Image from space reveals how Earth is actually growing

Seeing red? Here on Earth the image's crimson splotch is actually quite dense and green

By Sarah Gray
March 10, 2014 5:03PM (UTC)
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Launched nearly a decade ago on Aug. 3, 2004, NASA's Mercury Surface, Space Environment, Geochemistry, and Ranging spacecraft (MESSENGER) zipped off on its seven-year mission through the inner solar system toward Mercury. Before it left for Mercurial territory it observed something much closer to home: Earth. One year after its launch MESSENGER took this image.

Though the red you see may suggest something more sinister, it is far from a representation of impending doom.  In fact this red is actually growth, plant growth. According to NASA the image is of South America along with parts of Africa and North America, and was taken from the "Mercury Dual Imaging System’s wide-angle camera." NASA explains why the camera's image shows up red:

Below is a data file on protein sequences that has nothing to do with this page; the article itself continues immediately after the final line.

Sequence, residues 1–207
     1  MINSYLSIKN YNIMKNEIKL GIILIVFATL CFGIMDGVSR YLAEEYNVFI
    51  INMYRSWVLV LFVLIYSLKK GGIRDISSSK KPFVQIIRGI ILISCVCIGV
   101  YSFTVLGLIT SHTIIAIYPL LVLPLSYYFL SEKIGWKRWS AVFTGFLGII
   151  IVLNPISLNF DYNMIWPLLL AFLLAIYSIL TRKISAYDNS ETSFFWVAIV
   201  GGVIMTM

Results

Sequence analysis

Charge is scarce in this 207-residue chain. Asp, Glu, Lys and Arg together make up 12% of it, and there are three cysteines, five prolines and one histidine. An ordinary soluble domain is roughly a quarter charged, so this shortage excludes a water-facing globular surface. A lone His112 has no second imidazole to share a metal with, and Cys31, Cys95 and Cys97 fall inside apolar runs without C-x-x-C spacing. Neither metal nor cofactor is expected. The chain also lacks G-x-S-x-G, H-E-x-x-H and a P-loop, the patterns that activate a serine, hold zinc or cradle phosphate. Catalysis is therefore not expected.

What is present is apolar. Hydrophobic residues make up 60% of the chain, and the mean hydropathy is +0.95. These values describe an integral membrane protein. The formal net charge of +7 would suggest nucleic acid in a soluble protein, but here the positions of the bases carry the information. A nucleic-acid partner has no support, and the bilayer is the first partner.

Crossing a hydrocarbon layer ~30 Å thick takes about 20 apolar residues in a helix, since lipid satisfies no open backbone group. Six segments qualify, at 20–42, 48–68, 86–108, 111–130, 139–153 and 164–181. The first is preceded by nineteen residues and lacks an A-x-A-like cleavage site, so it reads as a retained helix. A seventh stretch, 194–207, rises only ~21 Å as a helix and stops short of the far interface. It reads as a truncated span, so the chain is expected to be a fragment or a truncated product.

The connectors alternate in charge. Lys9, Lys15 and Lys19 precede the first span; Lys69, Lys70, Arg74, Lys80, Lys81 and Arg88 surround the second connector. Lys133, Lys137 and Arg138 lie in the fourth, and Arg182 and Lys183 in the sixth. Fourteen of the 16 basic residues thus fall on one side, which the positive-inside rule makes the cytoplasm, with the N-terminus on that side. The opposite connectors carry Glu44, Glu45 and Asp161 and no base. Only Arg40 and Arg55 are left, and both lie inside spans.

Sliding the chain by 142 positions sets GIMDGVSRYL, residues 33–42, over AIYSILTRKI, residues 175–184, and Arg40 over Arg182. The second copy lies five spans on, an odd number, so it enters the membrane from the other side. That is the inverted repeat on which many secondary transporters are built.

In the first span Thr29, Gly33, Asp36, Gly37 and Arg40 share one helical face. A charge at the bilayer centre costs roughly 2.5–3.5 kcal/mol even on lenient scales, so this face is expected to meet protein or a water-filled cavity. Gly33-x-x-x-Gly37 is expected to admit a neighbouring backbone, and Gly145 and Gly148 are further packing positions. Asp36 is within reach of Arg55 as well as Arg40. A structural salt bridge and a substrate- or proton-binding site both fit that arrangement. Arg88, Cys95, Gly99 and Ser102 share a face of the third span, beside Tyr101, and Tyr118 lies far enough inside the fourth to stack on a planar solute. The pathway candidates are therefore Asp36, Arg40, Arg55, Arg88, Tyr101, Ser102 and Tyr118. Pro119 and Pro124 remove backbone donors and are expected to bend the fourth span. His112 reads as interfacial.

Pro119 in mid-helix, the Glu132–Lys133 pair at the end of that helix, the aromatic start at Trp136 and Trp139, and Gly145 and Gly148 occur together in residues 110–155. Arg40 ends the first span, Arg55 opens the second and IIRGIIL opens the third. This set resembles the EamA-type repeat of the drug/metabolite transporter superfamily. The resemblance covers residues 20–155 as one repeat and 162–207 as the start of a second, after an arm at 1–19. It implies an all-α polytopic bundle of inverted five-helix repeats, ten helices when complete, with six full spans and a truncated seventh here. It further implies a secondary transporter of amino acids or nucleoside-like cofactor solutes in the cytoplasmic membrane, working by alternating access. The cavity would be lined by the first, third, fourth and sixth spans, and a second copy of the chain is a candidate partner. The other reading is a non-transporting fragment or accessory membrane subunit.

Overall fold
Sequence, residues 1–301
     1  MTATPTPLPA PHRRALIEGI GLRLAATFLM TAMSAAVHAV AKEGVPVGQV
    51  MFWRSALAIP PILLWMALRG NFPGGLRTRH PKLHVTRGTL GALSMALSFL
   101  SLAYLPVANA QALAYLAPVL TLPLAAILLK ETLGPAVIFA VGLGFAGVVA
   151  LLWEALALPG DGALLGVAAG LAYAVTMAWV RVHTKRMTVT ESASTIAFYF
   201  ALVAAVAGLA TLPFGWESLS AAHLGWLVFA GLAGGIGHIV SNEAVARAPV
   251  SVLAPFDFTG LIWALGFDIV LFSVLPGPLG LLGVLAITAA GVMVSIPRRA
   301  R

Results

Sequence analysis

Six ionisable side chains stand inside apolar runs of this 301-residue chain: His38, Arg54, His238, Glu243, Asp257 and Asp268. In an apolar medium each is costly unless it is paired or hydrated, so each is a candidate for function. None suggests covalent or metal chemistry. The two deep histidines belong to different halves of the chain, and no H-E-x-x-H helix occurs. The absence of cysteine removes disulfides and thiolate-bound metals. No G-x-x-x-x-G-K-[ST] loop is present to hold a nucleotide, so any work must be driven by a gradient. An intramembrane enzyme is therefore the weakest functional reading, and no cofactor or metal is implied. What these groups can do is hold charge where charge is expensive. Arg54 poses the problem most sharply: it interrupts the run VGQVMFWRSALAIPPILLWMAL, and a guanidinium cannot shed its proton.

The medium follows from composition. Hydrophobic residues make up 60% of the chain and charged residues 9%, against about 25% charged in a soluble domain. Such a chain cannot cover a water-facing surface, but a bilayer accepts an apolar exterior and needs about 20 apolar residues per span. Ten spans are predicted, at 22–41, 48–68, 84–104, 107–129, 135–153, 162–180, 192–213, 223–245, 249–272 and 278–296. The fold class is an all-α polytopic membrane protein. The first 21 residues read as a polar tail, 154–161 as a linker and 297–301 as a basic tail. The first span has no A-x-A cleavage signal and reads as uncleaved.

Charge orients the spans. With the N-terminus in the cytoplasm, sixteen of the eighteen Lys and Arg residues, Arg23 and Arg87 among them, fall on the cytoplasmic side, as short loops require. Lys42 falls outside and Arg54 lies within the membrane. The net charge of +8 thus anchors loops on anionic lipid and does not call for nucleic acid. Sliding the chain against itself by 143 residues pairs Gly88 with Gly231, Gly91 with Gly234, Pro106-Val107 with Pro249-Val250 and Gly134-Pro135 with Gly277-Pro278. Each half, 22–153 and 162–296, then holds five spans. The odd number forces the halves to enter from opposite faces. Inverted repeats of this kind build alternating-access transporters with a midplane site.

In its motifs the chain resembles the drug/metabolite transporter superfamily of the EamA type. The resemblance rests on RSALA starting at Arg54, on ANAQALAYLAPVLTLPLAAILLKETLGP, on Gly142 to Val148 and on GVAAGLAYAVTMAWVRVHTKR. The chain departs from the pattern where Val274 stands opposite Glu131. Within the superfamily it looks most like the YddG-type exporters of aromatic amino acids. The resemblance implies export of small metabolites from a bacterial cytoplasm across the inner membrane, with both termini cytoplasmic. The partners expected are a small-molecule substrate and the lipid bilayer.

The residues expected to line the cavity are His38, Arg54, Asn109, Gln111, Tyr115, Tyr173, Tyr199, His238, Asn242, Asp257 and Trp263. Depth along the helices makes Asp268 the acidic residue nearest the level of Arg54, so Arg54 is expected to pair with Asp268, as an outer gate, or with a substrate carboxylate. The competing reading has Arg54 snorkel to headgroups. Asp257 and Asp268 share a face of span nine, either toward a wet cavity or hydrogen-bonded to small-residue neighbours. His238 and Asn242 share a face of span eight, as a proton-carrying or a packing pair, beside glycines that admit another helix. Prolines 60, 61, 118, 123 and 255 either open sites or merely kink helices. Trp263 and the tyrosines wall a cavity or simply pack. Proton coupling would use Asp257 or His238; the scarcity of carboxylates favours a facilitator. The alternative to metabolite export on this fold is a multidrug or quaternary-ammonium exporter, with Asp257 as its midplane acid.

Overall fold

"[IT] records light at eleven different wavelengths, including visible and infrared light. Combining blue, red, and green light results in a true-color image from the observations. The image substitutes infrared light for blue light in the three-band combination. The resulting image is crisper than the natural color version because our atmosphere scatters blue light. Infrared light, however, passes through the atmosphere with relatively little scattering and allows a clearer view."

Plants reflect near-infared light (more than others like red or green), and infared light shows up red in the image. The healthier the plant the more near-infared light it'll reflect. So according to NASA, "bright red indicates dense, growing foliage." NASA is also quick to point out that this is not a photo, but rather a satellite image:

"Though they may look similar, photographs and satellite images are fundamentally different. A photograph is made when light is focused and captured on a light-sensitive surface (such as film or a CCD). A satellite image is created by combining measurements of the intensity of certain wavelengths of light, both visible and invisible to human eyes."

Sarah Gray

Sarah Gray is an assistant editor at Salon, focusing on innovation. Follow @sarahhhgray or email

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